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View Laurel Collins Profile
NDP (BC)
View Laurel Collins Profile
2020-03-12 12:47 [p.2000]
Madam Speaker, first I want to thank my hon. colleague for splitting his time and thank him for his excitement about me speaking. I am honestly in awe of his speech. He spoke eloquently and made it so clear how this is sensible and straightforward.
In Canada, we have a universal health care system and it is a source of pride for many people in our country, especially when we look south at the inequalities in the U.S. private health care system. Everyone should be able to access health care. It is not just for the people who can afford it. Health care is a fundamental human right.
However, Canada, as has been mentioned before, is the only industrialized country with a so-called universal health care system that does not include universal comprehensive public coverage for prescription medications. When it comes to medications, we are actually more similar to the U.S. than we are different. One out of every five Canadians is not taking their medication because they cannot afford it. Many Canadians are cutting their pills in half or even skipping their medication completely. Too many Canadians are ending up in the ER and in hospitals for longer stays because they cannot afford the essential prescriptions that they need. Hundreds have died prematurely every year.
Even people with private drug coverage have been seeing their employer benefits shrink, finding themselves working in more precarious jobs and feeling the squeeze on their family budget. Out of the three million Canadians who cannot afford their medication, 38% of those are on private insurance, but that private insurance does not actually cover enough of their costs and 21% have some form of public insurance that does not fully cover their costs.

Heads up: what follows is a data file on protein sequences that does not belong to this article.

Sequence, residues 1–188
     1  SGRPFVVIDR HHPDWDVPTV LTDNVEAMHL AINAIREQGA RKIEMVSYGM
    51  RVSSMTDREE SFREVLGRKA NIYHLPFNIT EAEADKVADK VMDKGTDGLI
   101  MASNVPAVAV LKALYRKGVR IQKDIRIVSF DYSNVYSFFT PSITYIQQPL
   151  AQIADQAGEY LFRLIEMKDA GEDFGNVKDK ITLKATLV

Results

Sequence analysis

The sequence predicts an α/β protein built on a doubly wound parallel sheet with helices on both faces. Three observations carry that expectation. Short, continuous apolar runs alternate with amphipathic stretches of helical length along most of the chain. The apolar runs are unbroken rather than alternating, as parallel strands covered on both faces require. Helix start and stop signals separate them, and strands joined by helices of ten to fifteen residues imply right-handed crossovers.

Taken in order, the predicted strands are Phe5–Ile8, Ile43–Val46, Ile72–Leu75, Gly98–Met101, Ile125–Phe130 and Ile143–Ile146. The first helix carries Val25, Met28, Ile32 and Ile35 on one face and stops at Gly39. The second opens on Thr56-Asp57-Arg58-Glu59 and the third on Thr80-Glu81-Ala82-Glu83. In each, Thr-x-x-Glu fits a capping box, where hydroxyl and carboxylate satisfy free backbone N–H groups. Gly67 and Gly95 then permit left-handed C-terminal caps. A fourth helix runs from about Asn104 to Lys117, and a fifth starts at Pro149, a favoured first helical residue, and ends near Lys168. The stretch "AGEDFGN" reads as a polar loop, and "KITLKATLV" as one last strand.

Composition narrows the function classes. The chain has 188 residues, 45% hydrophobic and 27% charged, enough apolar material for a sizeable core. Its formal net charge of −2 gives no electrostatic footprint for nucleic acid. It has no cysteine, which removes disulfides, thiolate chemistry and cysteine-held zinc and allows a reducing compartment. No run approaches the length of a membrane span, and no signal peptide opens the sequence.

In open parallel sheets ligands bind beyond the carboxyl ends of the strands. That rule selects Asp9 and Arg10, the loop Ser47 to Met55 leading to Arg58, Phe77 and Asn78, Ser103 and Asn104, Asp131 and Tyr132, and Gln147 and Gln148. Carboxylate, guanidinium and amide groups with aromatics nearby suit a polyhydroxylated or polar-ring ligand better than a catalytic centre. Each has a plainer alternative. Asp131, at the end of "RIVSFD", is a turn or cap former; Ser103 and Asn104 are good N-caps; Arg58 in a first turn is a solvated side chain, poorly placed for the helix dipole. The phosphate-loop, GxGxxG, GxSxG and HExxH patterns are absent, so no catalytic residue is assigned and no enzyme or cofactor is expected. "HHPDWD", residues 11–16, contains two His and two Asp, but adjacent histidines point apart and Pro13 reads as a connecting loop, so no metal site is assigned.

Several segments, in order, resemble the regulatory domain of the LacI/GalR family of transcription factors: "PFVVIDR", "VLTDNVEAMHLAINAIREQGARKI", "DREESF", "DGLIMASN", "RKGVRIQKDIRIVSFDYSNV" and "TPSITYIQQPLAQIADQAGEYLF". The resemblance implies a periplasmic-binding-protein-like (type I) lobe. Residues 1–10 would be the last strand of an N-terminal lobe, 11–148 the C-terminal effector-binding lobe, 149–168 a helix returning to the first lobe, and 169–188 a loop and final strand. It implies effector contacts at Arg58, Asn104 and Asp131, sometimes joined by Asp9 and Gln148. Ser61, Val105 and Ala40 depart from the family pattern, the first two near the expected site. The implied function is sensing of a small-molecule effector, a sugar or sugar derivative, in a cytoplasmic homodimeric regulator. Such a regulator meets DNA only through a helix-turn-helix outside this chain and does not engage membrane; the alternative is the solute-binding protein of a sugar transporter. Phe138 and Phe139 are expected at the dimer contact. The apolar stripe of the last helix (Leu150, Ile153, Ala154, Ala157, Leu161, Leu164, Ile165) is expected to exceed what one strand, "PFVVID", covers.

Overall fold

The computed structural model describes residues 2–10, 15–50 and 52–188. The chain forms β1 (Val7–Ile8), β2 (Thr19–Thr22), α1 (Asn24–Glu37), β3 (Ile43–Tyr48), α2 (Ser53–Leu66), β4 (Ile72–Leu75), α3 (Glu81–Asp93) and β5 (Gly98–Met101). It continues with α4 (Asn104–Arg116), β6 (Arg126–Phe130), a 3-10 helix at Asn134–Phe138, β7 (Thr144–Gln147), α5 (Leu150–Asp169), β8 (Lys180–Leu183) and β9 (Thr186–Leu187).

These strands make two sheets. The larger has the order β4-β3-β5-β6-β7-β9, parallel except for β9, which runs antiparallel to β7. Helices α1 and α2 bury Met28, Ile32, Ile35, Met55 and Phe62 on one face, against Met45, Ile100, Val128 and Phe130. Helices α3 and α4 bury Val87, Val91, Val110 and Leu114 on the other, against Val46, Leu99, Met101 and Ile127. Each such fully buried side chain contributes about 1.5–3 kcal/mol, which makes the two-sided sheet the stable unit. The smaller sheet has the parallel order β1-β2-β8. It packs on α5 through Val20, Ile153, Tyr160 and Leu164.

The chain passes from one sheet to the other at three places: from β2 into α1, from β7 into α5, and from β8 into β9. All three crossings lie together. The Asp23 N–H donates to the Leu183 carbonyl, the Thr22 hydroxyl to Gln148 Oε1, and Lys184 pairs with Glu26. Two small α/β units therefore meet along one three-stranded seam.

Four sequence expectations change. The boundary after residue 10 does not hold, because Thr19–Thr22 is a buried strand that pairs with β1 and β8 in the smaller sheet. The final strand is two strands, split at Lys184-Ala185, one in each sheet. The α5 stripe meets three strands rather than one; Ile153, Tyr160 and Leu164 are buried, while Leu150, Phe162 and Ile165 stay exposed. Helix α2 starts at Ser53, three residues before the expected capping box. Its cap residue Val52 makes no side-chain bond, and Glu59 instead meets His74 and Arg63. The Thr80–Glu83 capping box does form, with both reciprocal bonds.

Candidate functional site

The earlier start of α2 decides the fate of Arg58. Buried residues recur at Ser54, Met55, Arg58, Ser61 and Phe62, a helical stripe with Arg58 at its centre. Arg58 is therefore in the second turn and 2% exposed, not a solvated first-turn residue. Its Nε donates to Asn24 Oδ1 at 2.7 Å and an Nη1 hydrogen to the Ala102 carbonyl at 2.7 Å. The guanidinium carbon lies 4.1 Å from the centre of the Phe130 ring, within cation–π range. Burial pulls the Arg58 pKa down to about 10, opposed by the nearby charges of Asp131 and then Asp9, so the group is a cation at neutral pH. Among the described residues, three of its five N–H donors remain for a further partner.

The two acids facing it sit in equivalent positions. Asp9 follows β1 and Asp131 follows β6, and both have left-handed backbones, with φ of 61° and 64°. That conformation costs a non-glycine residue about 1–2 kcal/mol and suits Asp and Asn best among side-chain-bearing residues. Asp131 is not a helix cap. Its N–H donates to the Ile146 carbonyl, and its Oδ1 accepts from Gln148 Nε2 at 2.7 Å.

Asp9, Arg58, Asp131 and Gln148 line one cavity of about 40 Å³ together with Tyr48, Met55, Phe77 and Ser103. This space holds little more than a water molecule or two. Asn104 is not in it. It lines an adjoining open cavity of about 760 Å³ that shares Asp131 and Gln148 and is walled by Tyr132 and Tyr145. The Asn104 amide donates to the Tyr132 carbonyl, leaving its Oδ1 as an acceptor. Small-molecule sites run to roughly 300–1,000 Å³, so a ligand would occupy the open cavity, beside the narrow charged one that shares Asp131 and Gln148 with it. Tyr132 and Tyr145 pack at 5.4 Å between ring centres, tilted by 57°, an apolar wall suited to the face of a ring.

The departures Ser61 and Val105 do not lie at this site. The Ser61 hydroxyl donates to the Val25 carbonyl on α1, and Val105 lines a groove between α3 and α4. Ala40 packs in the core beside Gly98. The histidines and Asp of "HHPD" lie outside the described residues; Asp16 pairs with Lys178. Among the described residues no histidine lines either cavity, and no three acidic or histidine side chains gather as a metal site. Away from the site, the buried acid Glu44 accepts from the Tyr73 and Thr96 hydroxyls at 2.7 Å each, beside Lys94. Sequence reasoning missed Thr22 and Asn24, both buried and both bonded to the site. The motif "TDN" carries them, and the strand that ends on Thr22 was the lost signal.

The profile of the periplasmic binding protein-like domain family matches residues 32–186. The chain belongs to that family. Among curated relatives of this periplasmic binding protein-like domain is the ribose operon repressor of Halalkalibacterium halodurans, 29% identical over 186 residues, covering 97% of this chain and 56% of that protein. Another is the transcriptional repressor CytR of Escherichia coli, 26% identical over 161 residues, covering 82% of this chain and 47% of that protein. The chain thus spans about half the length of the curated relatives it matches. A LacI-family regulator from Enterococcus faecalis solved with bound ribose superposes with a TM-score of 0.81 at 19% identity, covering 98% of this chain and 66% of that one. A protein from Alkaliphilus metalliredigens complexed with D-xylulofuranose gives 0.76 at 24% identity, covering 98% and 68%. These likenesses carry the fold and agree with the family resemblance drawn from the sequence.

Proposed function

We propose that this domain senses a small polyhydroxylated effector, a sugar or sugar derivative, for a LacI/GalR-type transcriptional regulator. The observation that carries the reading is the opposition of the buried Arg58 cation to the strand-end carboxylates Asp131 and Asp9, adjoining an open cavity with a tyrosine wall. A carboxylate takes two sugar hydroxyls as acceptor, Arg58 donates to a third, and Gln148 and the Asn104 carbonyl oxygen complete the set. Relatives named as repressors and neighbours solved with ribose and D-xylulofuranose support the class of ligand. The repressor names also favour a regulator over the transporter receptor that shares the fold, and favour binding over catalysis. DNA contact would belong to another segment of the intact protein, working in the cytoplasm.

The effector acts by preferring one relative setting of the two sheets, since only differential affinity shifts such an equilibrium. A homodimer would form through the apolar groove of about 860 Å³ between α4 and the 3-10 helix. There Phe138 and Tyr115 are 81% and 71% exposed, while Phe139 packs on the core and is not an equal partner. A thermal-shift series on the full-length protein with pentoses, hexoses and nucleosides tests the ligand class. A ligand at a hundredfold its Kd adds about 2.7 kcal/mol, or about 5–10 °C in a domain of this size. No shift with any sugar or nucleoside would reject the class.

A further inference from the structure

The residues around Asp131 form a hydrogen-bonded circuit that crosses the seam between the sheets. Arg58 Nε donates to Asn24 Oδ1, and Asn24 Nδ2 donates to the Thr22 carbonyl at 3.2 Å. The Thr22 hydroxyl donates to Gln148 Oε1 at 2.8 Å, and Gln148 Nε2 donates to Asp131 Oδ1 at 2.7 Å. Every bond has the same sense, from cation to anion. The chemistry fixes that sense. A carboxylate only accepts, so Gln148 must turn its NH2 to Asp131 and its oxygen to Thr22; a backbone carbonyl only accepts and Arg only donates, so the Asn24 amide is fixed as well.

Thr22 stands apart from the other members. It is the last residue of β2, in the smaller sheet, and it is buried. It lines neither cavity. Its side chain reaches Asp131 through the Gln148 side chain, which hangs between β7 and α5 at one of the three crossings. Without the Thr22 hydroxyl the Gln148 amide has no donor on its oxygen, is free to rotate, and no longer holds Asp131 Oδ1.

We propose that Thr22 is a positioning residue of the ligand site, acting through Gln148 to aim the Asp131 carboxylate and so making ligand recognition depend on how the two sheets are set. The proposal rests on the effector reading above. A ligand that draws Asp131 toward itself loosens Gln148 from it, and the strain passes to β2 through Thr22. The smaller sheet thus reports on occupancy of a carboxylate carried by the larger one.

Canada's currently fragmented, patchwork system of drug coverage, where each province is offering different levels of coverage with more than 100 public and more than 100,000 private drug insurance plans, is not working for Canadians. This patchwork system is also one of the main reasons why as a country we are consistently paying among the highest prices in the world for prescription drugs. Why is this allowed to occur when it does not make sense for Canadians?
The Liberals have been promising pharmacare for 23 years over and over again, but instead of delivering on that promise to Canadians, they have been helping deliver bigger and bigger profits to pharmaceutical and insurance companies. We recently found out that a so-called national pharmacare working group was sponsored by some of the biggest pharmaceutical and insurance companies in the world. We know that these pharmaceutical companies have been lobbying pretty effectively against single-payer pharmacare. A truly universal pharmacare system is not in the interest of these multinational corporations, but it is in the interest of hard-working Canadians. It is in the interest of small businesses and start-ups.